In many cases, niacinamide is amongst other ingredients in different skin products. If you are using a niacinamide serum, apply it before creams and oils so the skin can absorb it better. Do not mix niacinamide with vitamin c. The two compounds together create niacin, which can cause the skin to flush and ting temporarily and even turn the skin yellow. Using both vitamins together also makes both niacinamide and vitamin c ineffective.
Skincare Ingredient 3: Hyaluronic Acid
Hyaluronic acid, also known as hyaluronan has a gel-like consistency and is naturally occurring in the body. Half of the body’s reserve for hyaluronic acid is found in the skin. Made up of long chains of carbohydrate molecules, which combine with water to help the skin retain moisture, and this helps keep the skin hydrated. Hyaluronic acid is similar to a sponge as it can attract and retain over a thousand times more than its weight in water.
The compound can also increase the speed of wound healing. As hyaluronic acid is already present in the skin, the concentration increases when used in a skincare routine. The acid also regulates inflammation levels within the body, specifically by signalling damaged areas of the body to build more blood vessels when needed. If hyaluronic acid is applied directly to the wound, studies have shown that it can reduce the size and pain faster than some treatments. The acid also has some antibacterial properties, it decreases the risk of the wound getting infected when applied directly.
Skincare Ingredient 4: AHAs and BHAs
Another popular skincare ingredient would be AHAs and BHAs! Let’s start with AHAs (Alpha hydroxy acid) are chemical compounds that naturally occur in various foods such as fruits. Popular AHAs found in skincare are glycolic acid, lactic acid and citric acid. AHAs are water-soluble acids that peel off the old skin. Encouraging new skin cells to generate and be seen on the surface of the skin. After using an AHA, the skin is smoother in appearance and to touch. AHAs can help improve hyperpigmentation, enlarged pores, fine lines/wrinkles and uneven skin tone. Due to the strength of Alpha hydroxy acids, people who have dry or sensitive skin need to be more careful in their usage. We recommend gradually working up to daily use, but daily use is not always necessary.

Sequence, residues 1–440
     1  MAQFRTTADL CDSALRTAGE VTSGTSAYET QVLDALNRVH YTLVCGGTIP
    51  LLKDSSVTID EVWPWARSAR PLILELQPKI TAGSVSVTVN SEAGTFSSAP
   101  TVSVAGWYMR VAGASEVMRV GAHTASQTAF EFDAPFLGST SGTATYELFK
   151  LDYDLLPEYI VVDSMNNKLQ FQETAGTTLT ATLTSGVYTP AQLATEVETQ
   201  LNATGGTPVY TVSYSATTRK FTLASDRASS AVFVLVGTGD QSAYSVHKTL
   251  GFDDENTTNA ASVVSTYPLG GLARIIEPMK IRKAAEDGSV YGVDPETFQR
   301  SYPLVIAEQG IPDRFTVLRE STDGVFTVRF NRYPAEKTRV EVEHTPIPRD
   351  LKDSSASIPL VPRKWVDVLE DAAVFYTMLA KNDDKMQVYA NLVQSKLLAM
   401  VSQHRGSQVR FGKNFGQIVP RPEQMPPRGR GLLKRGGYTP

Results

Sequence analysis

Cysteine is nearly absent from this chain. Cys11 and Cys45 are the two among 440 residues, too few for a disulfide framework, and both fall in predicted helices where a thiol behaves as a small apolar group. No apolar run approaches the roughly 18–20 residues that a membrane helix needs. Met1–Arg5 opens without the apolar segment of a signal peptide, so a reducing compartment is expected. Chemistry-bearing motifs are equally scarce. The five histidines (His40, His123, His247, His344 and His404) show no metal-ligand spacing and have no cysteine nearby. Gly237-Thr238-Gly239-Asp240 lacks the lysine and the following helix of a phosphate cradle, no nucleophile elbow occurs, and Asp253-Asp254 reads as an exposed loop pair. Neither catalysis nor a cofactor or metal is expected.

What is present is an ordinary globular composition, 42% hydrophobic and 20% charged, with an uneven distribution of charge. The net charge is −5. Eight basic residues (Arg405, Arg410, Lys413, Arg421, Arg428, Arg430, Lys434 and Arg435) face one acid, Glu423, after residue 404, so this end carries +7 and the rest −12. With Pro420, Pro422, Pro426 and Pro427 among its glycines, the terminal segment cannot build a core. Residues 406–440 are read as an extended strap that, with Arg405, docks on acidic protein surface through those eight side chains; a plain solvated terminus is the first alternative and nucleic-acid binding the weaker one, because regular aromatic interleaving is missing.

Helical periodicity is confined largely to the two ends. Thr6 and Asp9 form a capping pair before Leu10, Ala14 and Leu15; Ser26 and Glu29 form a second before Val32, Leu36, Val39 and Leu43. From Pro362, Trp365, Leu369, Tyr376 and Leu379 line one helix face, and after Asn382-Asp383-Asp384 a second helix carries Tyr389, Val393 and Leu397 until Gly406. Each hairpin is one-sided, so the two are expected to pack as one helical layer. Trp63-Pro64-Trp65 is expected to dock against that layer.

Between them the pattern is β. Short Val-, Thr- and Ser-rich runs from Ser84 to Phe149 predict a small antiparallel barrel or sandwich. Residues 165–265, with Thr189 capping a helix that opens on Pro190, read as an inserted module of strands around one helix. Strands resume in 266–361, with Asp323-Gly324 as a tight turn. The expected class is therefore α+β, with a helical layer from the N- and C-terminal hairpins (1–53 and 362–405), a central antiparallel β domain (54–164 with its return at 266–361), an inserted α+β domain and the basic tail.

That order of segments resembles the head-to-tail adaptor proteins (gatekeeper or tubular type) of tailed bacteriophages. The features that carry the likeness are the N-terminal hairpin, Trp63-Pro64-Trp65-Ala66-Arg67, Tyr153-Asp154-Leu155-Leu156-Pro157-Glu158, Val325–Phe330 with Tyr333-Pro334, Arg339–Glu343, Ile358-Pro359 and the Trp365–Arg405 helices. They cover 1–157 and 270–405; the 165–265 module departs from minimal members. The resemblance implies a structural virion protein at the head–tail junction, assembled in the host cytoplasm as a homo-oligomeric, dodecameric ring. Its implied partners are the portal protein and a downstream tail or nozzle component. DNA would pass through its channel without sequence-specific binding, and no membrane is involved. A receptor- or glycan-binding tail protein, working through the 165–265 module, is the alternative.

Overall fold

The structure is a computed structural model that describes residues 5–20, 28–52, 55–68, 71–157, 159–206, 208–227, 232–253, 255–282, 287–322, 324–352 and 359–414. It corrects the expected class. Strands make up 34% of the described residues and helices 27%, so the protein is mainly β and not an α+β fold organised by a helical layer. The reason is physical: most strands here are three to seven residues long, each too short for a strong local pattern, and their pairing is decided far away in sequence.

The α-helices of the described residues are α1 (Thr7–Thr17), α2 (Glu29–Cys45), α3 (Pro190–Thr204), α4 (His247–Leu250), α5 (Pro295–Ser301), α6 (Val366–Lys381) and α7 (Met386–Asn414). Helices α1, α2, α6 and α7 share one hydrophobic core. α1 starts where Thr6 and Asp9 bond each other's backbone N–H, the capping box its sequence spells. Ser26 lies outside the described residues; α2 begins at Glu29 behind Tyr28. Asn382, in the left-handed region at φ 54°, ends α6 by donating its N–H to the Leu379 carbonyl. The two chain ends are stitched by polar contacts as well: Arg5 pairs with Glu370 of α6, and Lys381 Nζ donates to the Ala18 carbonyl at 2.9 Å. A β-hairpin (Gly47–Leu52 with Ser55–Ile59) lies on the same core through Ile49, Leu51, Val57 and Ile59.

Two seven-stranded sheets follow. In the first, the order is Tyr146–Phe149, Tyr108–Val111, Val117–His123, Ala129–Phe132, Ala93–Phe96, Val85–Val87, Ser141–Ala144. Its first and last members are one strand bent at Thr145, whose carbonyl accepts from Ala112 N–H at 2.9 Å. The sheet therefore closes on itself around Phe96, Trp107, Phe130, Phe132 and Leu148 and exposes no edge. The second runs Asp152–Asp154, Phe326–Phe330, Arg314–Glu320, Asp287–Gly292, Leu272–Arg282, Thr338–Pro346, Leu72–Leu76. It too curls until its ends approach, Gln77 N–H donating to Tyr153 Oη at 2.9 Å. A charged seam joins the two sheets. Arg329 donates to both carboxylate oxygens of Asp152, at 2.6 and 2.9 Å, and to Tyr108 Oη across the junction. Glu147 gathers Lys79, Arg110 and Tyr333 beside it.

BHAs often recognised as salicylic acid. BHAs (Beta hydroxy acid) is the opposite of AHAs! It is an oil-soluble chemical compound found in fresh fruit & vegetables, milk and yoghurt. Primary uses include treating acne and sun damage. BHAs go into the pores and clean out the oil that is clogging them. The skincare ingredients boast antibacterial and anti-inflammatory qualities, perfect for treating acne-prone skin and blackheads. Similar to AHAs, BHAs make the skin more sensitive to the sun, which can cause serious damage. Remember to constantly use a moisturiser or sunscreen that has an SPF of 30 and higher.
If you found this blog useful or want some more beauty tips, why not check out the following blogs:
- Microdermabrasion at Home: Everything you Need to Know
- Updating your Skincare Routine during Lockdown
- How To Remove Acrylic Nails at Home